I’m not sure if any of Judy Blume’s work exactly qualifies as a “lost classic”: the author’s 40+ years of work in the YA field seems as popular and relevant as ever. This is the one volume that doesn’t quite have the reputation as the rest of her work (and when I checked her bibliography, the only one I had never read). Published in 1972, the passing of 40 years has perhaps rendered the subject too prosaic to be controversial…
The Plot: …Or perhaps this is just not one of Blume’s stronger works.
12 year old Karen Newman’s parents announce their intention to divorce; this comes as a complete surprise to Karen and her younger sister Amy, although her 14 year old brother Jeff has suspected that something’s been up for awhile. Remember how last week Mom threw a cake at Dad when he was whining about it having mocha frosting instead of chocolate? Karen recalls:
Later when nobody was looking, I snitched a piece of cake off the floor. Even though it had fallen apart it was still delicious.
Karen keeps track of her parents’ fights in her diary, assigning blame using a secret code and giving each day a grade: “Practically every day this month has gotten a C”.
In addition to her parents separating, Karen has to deal with the other changes involved with growing up, including the fact that her life-long best friend, Debbie, has been enrolled in an exhaustive slate of after-school activities to make her “well rounded” for college; and when Debbie does visit she’s more interested in the moody and withdrawn Jeff than playing Barbies with Karen.
For a story narrated from a 12 year old’s point of view, it is ironic that the most interesting characters are not the children, but the deeply flawed adult characters who really seem to struggle with acting appropriately. While the Newmans’ divorce is largely amicable (the reason given is that they married too young and just don’t get along anymore), the other adults are constantly interjecting themselves into the situation. This includes Mrs. Newman’s bossy sister Ruth, who informs the children that she never did like their father, and their paternal Grandfather, Garfa, who flies in from Las Vegas to try to gulit them into reconciliation:
“Well, Ellie, there hasn’t even been a divorce in our family. Not even way back. When the Newmans get married they get married for keeps. Or until one of them dies.”
Unsuccessful, he then tells Karen that she should try to straighten them out and to report back to him on her efforts.
Mr. Newman moves out of the family home and into the local Howard Johnsons, where he takes his children for weekly dinners at the hotel bar, where he can have a martini with the Early Bird specials. Later he moves into a sad bachelor apartment and Karen makes friends with the girl who lives downstairs, a worldly 7th grader named Val who reads the entire New York Times every Sunday.
Val (if this were a movie she’d be played by Jodie Foster) shows Karen the ropes of being a child of divorce, including introducing her to The Boys and Girls Book about Divorce By Richard A. Gardner, M.D. which is apparently filled with horrifying facts about how your parents don’t love you any more:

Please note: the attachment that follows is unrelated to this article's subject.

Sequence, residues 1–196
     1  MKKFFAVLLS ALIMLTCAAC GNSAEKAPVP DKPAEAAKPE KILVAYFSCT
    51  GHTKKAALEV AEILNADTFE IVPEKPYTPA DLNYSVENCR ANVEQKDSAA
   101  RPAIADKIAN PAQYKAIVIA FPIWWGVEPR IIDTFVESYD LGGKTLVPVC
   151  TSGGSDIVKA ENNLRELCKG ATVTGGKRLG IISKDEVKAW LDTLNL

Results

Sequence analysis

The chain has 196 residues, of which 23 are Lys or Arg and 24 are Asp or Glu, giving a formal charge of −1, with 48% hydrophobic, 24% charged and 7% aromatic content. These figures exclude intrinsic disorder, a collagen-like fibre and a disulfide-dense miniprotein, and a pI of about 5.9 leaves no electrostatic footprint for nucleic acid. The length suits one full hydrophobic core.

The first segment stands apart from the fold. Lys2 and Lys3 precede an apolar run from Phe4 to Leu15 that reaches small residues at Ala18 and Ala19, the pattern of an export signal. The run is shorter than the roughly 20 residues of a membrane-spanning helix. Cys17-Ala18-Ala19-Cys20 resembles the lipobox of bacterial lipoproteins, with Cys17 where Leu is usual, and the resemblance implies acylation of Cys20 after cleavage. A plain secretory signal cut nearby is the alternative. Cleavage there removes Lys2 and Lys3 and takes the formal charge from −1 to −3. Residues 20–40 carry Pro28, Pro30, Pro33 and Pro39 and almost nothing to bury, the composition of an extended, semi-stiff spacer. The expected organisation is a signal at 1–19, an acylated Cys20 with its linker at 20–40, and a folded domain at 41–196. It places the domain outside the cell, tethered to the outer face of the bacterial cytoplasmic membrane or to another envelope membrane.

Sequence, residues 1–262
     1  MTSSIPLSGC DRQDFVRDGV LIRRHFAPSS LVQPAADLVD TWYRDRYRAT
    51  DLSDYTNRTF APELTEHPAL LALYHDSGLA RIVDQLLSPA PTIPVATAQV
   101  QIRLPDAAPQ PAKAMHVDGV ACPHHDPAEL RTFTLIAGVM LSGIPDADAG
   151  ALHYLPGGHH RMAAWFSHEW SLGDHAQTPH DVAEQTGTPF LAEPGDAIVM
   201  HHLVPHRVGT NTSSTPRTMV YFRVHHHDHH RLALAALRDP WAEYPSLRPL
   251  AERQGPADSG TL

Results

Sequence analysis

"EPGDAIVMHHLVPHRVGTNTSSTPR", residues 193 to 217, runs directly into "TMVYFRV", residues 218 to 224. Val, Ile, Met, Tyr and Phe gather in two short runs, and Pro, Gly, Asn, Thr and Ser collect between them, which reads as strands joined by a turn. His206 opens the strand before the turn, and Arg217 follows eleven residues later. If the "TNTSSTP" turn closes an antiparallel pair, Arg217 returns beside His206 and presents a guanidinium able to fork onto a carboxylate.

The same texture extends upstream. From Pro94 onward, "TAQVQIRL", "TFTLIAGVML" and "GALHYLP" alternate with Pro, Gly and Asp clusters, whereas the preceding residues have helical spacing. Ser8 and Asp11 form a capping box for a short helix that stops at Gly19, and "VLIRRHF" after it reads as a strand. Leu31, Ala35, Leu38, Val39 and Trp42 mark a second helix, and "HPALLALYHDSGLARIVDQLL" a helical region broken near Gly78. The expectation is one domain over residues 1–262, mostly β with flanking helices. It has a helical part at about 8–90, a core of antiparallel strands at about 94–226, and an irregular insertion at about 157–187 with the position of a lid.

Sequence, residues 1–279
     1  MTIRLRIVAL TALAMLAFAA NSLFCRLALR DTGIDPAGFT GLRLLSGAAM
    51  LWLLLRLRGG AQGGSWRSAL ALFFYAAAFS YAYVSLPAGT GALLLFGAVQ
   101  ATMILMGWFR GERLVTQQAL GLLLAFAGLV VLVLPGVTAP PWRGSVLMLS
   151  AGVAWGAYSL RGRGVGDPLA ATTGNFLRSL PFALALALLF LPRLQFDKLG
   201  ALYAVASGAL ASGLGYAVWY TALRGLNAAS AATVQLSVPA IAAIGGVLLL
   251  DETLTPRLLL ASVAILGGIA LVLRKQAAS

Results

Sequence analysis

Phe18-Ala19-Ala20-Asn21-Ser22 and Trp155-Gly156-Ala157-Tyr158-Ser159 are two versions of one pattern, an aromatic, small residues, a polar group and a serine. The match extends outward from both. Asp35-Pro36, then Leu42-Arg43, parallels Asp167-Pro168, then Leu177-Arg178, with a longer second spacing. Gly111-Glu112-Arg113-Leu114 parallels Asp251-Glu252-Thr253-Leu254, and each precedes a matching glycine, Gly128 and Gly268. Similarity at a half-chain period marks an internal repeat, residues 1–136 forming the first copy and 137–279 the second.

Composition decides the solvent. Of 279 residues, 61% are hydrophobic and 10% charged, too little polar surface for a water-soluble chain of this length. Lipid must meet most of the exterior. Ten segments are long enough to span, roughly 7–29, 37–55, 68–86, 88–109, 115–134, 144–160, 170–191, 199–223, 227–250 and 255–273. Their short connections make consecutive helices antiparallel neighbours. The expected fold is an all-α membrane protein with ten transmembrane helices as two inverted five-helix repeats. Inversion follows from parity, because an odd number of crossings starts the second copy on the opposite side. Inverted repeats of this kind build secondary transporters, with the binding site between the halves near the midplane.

Fathers who live close by but do not visit and fathers who live far away and hardly ever call or write either do not love their children at all, or the love them very little.
There is something very wrong with an unloving parent. He deserves pity as well as anger.
Val plans on becoming a scientist when she grows up and making a great discovery so her “drunken runaround” father will want everyone to know that she’s his daughter and Val can in turn snub him.
Karen still plots to get her parents back together, including a truly excruciating scene where she sends them separate cards on their wedding anniversary. In the meantime, Mrs. Newman has enrolled in a secretarial course and taken a temporary job at an insurance company, while Jeff has discovered that he can rebel as much as he wants and there isn’t really anything his mother can do about it. He starts eating all of his meals in front of the TV and at one point stays out all night.
After an argument over fried shrimp at HoJo’s one evening, Jeff runs away from home. Karen hopes that this will cause her parents to see the error of their ways and reunite, but it just causes more stress and propensity towards smashing things. The police sergeant assigned to the case isn’t very reassuring, either:
“Well… these kids usually head for New York. We’ll see what we can do.”
Jeff comes home on his own three days later, and nobody asks any questions about where he has been. Mr. Newman flies to Las Vegas for a quickie divorce, and Mrs. Newman announces that they are going to move to California or Florida so she can decide what she wants to do with her life.
Ugh. Parents have the worst ideas.
Sign It Was Written in 1972 Department: When Mrs. Newman announces that she’s going to get a job, Karen worries that she’s going to become a cocktail waitress like the divorced women on TV:
Imagine my mother dressed in a skimpy costume! Suppose Debbie comes over while she’s getting into her waitress clothes. Debbie will say “Why s your mother dressed up like a Bunny?”
Good Advice Department: “If I was ever going to be a Girl Scout leader I would think up interesting activities for my group to do. And if they made a lot of noise I wouldn’t yell that they give me a headache.”
Read It In The New York Times Department: “Val told me that women getting divorces always fall for their lawyers.”